the United States Claims Court without the concerns over venue presented to this Court. See 28 U.S.C. § 1491(a). Moreover, as defendants point out, allowing a suit to be brought on behalf of a group of individuals in a federal district court where any one of them resides invites forum shopping, a danger clearly exemplified in a case such as this involving hundreds of plaintiffs from virtually every jurisdiction in the United States.
Upon consideration of the statutory scheme embodied in the Tucker Act for the litigation of monetary claims against the United States, and on balancing the consequences of the positions advocated by the parties, this Court concludes that the Tucker Act requires plaintiffs to litigate their claims only in the district in which they individually reside, or in the Claims Court. Considered together, the jurisdictional and venue provisions of the Tucker Act embody Congress' deliberate efforts to channel certain types of cases to the Claims Court (formerly the Court of Claims) while allowing other claims to be heard concurrently by certain district courts. The Tucker Act was intended both to expand the relief available against the United States
and to give persons with comparatively small claims against the United States the option "to bring suits in the districts where they and their witnesses reside without subjecting them to the expense and annoyance of litigating in Washington." United States v. King, 119 F. Supp. 398, 403 (D. Alaska 1954) (quoted in 14 C. Wright, A. Miller & E. Cooper, Federal Practice and Procedure, § 3657 at 214-15 (1981)). See also Bates Manufacturing Company v. United States, 303 U.S. 567, 570-71, 58 S. Ct. 694, 82 L. Ed. 1020 (1938).
The venue provision of the Tucker Act, therefore, was deliberately drafted to carve out a narrow exception to the jurisdiction of the Court of Claims (now the Claims Court) in order to eliminate a perceived hardship on the parties. Here, in seeking to establish venue in this Court under the Tucker Act, plaintiffs cannot justify their request on the same concerns perceived as legitimate by Congress. Therefore, given that plaintiffs do not seek to take advantage of the intended benefits of the Tucker Act's venue provision, this Court will not substitute its judgment for that of Congress by creating new procedural benefits for plaintiffs. To the extent plaintiffs desire to pursue their claims together in one action, the Claims Court is the forum available under the structure of the Tucker Act.
In light of the unique and purposeful structure of the Tucker Act, plaintiffs' argument that this Court should interpret § 1402(a)(1) in a manner consistent with the interpretation which other courts have given to the same language under 28 U.S.C. § 1391(e)(4), also referring to where "the plaintiff resides," is unpersuasive. See e.g., Exxon Corp. v. F.T.C., 588 F.2d 895, 898-99 (3rd Cir. 1978) (venue proper under § 1391(e)(4) where at least one plaintiff resides in the district). Because § 1391(e) also permits the action to be brought where a defendant in the action resides or where the cause of action arose, see 28 U.S.C. § 1391(e)(1) & (2), it clearly does not involve the same concerns over the respective jurisdiction of the Claims Court and the district courts as are embodied in the Tucker Act.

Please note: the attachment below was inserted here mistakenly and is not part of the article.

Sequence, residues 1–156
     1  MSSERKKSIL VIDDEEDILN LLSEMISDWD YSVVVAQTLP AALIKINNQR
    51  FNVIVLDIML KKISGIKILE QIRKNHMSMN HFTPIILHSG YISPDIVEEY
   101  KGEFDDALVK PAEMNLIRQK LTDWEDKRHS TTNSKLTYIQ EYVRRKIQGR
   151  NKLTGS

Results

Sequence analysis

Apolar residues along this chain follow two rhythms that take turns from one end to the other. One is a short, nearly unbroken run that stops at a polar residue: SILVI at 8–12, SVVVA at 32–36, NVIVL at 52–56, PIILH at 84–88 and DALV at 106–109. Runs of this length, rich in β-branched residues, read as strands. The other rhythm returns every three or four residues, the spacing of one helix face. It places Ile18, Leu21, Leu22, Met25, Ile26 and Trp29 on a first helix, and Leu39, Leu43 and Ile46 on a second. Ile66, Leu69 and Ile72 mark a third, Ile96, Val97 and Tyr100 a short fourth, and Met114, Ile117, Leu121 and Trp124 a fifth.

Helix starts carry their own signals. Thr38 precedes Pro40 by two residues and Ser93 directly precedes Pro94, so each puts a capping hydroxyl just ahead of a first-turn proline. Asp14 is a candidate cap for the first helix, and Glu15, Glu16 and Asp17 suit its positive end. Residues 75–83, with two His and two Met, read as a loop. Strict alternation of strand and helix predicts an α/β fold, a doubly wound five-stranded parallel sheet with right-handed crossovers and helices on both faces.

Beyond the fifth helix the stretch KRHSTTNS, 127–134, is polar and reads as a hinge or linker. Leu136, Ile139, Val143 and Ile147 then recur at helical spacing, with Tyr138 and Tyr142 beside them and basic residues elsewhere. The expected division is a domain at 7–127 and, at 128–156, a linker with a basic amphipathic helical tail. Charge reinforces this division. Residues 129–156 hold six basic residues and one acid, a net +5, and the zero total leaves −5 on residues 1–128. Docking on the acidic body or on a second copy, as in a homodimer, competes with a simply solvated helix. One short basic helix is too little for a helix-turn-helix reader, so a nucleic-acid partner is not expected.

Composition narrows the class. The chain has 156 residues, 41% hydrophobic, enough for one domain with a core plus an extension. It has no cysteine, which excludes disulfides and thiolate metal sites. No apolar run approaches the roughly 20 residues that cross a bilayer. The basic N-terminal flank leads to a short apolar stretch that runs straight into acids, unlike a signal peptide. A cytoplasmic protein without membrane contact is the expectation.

Finally, this Court cannot accept plaintiffs' efforts to bring this action in this district on the grounds that plaintiffs seek equitable relief unavailable in the Claims Court. This argument is unpersuasive because, as noted above, nothing prevents plaintiffs from litigating their claims in the federal district court where they individually reside to the extent they view this as an actual concern. The Court questions the legitimacy of this concern, however, since any district court hearing claims under the Tucker Act sits as the Claims Court, and may not grant equitable relief unavailable in the Claims Court which merely determines the existence and extent of monetary relief against the United States. See Lee v. Thornton, 420 U.S. 139, 140, 43 L. Ed. 2d 85, 95 S. Ct. 853 (1975); Richardson v. Morris, 409 U.S. 464, 465, 34 L. Ed. 2d 647, 93 S. Ct. 629 (1973); Cape Fox Corporation v. United States, 646 F.2d 399, 402 (9th Cir. 1981).
Under 28 U.S.C. § 1406(a) a district court may transfer a case when venue is improper to any court in which it could have been brought if it would be "in the interest of justice" to do so. 28 U.S.C. § 1406(a). In opposing defendant's motion to dismiss plaintiffs did not in the alternative request transfer to the Claims Court. However, as outlined above, in urging this Court to recognize venue as proper in this district the plaintiffs did emphasize the concerns for judicial economy and the desirability of litigating all of the plaintiffs' claims in the same forum. Although plaintiffs' arguments were unpersuasive in concluding that this Court in particular should be recognized as a proper forum, they nevertheless support the conclusion that it would be in the interest of justice to transfer this case, presently structured as a class action, to the only court which may hear all of the plaintiffs' claims - the Claims Court.
Accordingly, it is this 3rd day of January, 1985,
ORDERED that this action is hereby transferred to the United States Claims Court pursuant to 28 U.S.C. § 1406(a).